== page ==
So what the hell is “skiing?”
For the uninitiated, skiing was a physics bug in the original Tribes engine. After it was discovered, it was embraced by fans and game developers alike, and quickly became a signature gameplay mechanic unique to Tribes.
If wanted to ‘git gud’ you had to learn to ski.
Skiing was accomplished by flying high into the air with your jetpack, and then rapidly pressing space bar (jump) while sliding down a slope to increase your downward velocity. As you reached the bottom of a hill and started up the incline, you would punch your jets (hopefully fully recharged) and blast into the air augmented by the added velocity.
‘Skiing’ made it possible to achieve ludicrous speeds higher than the game developers ever anticipated, and it was a genuine rush to tear through the enemy flag stand at a ridiculous speed with a ‘wolf pack’ of flag chasers in hot pursuit.
Soaring over milestones but still a long road ahead
Midair has come a long ways since 2016, and it’s been in development since 2014. It’s fueled mainly by passionate volunteers and developers, all of whom are themselves big fans of Tribes.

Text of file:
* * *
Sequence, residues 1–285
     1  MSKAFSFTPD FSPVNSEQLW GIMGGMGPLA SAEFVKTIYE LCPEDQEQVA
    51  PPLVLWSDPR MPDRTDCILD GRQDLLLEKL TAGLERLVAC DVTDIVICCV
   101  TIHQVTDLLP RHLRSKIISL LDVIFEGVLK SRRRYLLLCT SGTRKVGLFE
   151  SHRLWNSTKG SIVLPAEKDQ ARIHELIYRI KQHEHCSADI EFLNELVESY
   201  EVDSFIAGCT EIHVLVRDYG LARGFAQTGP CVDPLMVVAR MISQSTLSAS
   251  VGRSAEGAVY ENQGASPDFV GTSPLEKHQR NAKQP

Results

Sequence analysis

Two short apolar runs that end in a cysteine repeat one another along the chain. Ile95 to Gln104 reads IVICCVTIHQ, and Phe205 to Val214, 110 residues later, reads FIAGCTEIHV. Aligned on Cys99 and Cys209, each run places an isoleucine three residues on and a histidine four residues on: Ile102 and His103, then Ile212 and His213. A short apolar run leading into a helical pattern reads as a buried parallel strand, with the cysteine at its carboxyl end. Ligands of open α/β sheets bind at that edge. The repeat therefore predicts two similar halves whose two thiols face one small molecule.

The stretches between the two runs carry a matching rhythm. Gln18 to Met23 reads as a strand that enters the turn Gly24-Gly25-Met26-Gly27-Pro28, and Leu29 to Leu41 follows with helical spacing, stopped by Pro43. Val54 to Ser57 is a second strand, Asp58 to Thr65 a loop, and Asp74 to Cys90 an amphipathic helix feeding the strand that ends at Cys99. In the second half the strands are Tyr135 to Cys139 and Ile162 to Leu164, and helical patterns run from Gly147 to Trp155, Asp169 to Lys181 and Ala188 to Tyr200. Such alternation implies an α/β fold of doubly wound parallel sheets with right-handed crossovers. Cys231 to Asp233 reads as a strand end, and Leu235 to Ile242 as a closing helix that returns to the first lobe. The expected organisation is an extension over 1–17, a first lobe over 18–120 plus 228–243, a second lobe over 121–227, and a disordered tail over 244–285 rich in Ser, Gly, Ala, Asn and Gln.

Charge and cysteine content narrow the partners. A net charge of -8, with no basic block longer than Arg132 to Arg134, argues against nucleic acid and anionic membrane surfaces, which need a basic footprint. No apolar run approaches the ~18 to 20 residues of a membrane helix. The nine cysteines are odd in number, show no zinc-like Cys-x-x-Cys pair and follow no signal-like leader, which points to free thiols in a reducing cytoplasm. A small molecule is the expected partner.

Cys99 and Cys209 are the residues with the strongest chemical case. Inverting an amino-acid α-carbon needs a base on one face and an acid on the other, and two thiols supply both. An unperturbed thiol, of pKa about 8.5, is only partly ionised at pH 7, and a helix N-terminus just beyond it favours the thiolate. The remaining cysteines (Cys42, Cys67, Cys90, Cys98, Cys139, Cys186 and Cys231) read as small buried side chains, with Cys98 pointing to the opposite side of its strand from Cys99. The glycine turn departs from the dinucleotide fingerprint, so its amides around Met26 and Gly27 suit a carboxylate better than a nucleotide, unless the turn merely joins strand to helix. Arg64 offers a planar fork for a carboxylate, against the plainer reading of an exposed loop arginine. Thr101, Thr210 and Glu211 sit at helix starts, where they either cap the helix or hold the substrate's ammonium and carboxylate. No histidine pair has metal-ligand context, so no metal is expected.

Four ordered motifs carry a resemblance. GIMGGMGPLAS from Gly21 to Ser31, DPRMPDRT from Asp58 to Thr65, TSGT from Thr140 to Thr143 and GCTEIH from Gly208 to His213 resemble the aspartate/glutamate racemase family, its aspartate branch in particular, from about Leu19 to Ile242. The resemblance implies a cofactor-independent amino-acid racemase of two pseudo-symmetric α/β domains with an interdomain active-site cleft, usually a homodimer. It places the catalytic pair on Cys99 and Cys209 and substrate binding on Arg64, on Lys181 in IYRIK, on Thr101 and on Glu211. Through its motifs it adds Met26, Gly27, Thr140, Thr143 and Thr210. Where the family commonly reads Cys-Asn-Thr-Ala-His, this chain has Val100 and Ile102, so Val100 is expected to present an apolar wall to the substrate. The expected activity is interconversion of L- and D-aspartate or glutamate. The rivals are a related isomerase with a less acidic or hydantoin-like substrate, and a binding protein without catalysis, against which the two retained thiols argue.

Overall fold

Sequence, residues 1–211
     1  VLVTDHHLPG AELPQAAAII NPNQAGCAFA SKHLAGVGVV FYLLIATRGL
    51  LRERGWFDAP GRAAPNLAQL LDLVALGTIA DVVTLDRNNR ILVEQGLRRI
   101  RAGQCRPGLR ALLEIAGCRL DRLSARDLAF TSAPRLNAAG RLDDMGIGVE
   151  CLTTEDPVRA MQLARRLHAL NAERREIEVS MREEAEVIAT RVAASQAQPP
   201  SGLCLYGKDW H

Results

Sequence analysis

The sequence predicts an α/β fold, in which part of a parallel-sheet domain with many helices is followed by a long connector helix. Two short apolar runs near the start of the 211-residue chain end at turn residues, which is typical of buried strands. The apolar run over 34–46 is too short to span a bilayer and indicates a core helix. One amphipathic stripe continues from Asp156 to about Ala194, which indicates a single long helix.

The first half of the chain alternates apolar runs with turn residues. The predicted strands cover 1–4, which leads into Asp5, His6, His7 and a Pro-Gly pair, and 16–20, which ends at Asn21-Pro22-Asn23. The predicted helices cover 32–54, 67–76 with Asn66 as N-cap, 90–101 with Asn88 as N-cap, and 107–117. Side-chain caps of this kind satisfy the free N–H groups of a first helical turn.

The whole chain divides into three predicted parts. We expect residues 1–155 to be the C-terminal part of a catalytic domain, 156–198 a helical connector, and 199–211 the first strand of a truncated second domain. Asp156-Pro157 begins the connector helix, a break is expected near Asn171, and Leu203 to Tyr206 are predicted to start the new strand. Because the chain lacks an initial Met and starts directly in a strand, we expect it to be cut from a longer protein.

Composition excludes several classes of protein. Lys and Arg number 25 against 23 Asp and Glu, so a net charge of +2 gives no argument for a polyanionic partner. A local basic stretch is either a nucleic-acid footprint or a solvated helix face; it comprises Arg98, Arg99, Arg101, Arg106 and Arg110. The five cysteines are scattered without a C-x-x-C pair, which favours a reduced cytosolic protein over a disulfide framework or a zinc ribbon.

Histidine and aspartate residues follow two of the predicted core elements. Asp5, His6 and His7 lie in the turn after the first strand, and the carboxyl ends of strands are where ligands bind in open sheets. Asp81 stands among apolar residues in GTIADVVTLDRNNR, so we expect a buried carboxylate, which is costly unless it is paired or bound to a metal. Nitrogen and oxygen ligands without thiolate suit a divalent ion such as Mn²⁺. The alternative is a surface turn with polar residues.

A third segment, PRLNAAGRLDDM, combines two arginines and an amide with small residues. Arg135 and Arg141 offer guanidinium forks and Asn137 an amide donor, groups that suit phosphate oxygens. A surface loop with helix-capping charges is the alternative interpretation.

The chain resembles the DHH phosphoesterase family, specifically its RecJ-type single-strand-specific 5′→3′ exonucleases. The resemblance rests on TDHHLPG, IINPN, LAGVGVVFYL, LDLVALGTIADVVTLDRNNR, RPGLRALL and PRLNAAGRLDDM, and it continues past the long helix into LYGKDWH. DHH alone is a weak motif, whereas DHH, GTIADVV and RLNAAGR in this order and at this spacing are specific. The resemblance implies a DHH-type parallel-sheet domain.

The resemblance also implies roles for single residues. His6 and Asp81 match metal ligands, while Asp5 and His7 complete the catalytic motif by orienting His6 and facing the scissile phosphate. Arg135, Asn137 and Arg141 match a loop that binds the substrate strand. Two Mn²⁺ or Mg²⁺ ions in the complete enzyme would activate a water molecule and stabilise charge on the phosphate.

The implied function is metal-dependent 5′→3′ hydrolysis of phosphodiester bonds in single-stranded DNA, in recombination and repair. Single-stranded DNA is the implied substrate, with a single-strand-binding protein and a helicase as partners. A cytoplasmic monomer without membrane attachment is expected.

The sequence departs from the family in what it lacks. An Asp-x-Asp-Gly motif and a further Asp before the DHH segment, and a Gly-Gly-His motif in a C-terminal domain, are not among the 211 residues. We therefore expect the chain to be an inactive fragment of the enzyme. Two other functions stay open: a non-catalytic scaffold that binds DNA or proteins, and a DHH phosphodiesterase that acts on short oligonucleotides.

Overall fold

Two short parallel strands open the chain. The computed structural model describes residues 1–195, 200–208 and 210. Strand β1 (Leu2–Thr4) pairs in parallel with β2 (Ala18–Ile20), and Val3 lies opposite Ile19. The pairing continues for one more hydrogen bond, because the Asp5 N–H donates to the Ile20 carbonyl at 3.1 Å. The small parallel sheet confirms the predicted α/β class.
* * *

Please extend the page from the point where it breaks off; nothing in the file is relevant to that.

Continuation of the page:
The good news is that Midair appears to be making solid progress en route to a full release, and more surprises surely on the way.
There will be skins. Voice packs. Additional game modes such as Rabbit and others. Archetype is also tweaking various elements to add more customization options, such as energy pack augments that provide minor differences in how energy packs perform.
Archetype has created a ‘charge’ system so Engineers can spend more time building and repairing stuff instead of making repeated trips to the inventory station for deployable items.
Core gameplay is definitely on point, or at least clearly headed to where it needs to be. The voices are pretty much exactly like the original game, right down to the “Woohoos”—although sadly “Shazbot” is currently missing.
The maps are still very rudimentary. But very, very ski-able.
So what’s next?
There’s a lot to be excited about, but the road ahead to launch is long. “We’ve still got a lot of work to do, ” Mathews tells me.
And perhaps even more difficult: Successfully attracting, igniting, and sustaining a large community to make Midair a fixture in a highly competitive genre dominated by multiple 800 pound gorillas.
But if you are or ever were a fan of Tribes, then Midair is a game you should keep on your radar and be rooting for.